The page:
How will the legalization of marijuana affect students on campus?


A single nug of medicinally legal cannabis, provided by a medical patient in Illinois. Picture Taken by Dawid Byrgiel

This January, any adult over the age of 21 became able to purchase marijuana for recreational use and legally be able to hold up to 30 grams at a time. But what does the legalization mean for  for students attending William Rainey Harper College?

Officer Daniel Vargas, of the Harper College Police Department said they have no idea what this means for the police department since legislation has not yet been passed down from higher authorities. This means the Harper Police Force doesn’t know what legalization will change and what it will mean for the students on campus. 

“Until we have legislation, it’s almost going to be taken care of in a sense of common sense, you know? For example… you are required to be 21 years old to drink alcohol,” Vargas stated. “It’s almost going to be somewhat in that same context in regards to when you utilize marijuana… But since nothing has been set in stone yet, where we can read black and white I can’t really give you an answer.”

Building B at Harper College where Harper police do their work. Picture taken by Dawid Byrgiel

To find answers, and perhaps “guidelines” of a sort, we reached out to a source where recreational marijuana has been established since 2016, the weed capital of the world–California. 

Lieutenant Kevin Kilgore, of the UCLA Police Department has already went through the transition to legalization. He explained that a lot of it comes do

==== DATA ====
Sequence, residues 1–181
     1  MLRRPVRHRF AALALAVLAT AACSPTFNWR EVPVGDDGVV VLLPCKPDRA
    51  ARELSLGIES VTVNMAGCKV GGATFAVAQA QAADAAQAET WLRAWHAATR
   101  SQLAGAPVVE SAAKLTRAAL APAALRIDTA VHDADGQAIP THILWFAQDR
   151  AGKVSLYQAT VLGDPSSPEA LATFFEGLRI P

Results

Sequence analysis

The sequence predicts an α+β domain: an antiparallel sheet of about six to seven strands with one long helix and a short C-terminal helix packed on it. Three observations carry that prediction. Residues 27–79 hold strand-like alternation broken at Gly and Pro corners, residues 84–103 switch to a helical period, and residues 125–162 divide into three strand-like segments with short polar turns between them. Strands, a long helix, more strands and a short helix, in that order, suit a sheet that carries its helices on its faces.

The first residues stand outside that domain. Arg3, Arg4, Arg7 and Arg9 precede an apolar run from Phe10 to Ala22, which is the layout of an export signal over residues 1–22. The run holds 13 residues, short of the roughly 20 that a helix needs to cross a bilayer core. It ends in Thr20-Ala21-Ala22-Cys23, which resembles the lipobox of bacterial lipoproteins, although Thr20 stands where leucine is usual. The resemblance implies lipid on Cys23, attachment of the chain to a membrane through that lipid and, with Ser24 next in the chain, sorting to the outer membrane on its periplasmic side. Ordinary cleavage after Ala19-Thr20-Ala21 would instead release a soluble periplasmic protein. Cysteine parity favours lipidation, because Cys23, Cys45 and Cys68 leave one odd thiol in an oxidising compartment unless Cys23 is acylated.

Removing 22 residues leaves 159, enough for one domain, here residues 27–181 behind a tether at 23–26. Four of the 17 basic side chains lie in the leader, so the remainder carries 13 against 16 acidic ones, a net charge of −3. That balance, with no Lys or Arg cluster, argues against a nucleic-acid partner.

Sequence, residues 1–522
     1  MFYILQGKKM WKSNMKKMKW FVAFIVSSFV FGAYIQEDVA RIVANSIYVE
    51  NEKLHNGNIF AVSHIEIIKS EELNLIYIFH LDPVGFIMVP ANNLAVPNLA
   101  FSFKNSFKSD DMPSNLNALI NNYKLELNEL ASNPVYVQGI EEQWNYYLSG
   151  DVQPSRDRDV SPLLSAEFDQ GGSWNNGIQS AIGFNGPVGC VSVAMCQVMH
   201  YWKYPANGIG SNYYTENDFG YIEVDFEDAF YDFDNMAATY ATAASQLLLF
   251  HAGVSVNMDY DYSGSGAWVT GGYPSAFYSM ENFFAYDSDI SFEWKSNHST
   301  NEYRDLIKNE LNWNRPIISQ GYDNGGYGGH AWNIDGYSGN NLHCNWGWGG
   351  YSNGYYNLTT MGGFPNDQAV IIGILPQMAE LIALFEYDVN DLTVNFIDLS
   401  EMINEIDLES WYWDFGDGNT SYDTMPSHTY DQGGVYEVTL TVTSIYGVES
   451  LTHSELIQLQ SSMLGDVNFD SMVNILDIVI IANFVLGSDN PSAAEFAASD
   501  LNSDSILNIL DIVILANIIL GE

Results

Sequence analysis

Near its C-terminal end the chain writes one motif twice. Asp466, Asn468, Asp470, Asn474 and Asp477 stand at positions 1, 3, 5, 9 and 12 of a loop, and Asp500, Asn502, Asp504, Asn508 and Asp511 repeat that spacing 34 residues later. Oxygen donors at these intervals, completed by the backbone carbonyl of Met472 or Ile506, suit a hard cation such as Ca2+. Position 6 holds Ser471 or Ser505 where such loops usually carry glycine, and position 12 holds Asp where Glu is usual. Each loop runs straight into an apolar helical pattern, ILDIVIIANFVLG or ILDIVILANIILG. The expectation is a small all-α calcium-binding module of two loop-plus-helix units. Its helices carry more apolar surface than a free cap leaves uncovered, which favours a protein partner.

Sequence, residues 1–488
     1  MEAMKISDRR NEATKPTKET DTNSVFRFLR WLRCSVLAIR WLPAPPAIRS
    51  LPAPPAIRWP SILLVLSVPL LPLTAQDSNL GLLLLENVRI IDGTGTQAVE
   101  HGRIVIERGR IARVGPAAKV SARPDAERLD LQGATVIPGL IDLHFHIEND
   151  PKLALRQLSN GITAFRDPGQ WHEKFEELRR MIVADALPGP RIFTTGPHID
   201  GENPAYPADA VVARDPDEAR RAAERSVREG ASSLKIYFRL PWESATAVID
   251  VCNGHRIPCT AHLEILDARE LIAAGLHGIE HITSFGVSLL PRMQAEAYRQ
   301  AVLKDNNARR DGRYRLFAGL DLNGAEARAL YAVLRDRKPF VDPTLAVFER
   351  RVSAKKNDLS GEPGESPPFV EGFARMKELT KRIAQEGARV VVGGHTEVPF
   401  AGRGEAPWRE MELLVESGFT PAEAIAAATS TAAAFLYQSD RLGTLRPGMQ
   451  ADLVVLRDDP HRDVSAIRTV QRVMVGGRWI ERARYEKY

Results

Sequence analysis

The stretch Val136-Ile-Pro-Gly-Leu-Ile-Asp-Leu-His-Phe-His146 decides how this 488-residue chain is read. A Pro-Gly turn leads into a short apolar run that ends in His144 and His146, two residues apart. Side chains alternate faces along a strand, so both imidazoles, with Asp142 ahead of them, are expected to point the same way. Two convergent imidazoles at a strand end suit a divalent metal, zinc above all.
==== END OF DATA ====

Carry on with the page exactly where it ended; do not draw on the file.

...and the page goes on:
Photo by Maham Khan
This poster hangs on a bulletin Board in Building D, and states that marijuana and cannabis will not be allowed on campus despite new state laws.

wn to the university or colleges code of conduct.

“For us, we abide by whatever the state law is. So a person is allowed to be in possession of it [marijuana], however it is against UCLA student code of conduct and regulations,” Kilgore said.  “We as a police department do not enforce rules, regulations, or policies for the university; we only enforce laws, so university administration handles any type of violation regarding marijuana.” 

In California, legalization also affects the way law enforcement can interact with and charge people with crimes. 

“It went from being illegal, where we could stop people for just being in possession of it or smelling it on them.. to now, where we can’t enforce that unless we believe that there is something outside of what the law allows,” Kilgore explained. “One of the few instances where we can enforce the law is if we believe someone is in possession of marijuana (intended) for sale.”

Both Officer Vargas and Lieutenant Kilgore believe that legislation in Illinois will be based on the same system that other established weed states like California and Colorado already have in place.

If this is the case, Harper students will be allowed to be in possession of marijuana on campus legally, but it would most likely violate Harper code of conduct and result in administrative penalties, rather than legal ones. 

Ultimately, it would be up to Harper College administration to hand out punishments and consequences to those who break the code of conduct, not local police forces. 

The Harper administration has already put up signs on bulletin boards all over campus that say “The use of marijuana/cannabis remains prohibited on campus or as part of any off-campus College event and a violation of our student Code of Conduct.”